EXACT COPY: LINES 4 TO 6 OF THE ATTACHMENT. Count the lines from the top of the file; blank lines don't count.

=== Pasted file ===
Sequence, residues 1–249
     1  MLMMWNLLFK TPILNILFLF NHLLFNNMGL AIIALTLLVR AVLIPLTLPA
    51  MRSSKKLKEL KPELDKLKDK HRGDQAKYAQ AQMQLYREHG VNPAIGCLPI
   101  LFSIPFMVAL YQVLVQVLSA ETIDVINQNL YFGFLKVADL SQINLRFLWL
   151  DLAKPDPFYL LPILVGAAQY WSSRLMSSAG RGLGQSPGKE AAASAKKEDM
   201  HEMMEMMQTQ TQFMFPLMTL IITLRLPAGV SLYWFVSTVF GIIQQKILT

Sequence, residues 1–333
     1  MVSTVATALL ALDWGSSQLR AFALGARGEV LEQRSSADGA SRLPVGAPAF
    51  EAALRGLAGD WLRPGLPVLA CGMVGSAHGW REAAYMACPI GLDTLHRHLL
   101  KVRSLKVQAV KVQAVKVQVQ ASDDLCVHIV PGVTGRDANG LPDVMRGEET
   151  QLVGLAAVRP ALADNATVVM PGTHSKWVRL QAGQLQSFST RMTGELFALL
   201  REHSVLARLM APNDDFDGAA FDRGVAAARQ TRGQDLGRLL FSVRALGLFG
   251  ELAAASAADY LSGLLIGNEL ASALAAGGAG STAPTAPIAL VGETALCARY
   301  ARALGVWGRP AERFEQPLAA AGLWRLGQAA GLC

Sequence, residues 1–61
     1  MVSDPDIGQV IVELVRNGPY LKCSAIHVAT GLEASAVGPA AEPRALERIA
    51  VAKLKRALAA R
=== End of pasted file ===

   101  LFSIPFMVAL YQVLVQVLSA ETIDVINQNL YFGFLKVADL SQINLRFLWL
   151  DLAKPDPFYL LPILVGAAQY WSSRLMSSAG RGLGQSPGKE AAASAKKEDM
   201  HEMMEMMQTQ TQFMFPLMTL IITLRLPAGV SLYWFVSTVF GIIQQKILT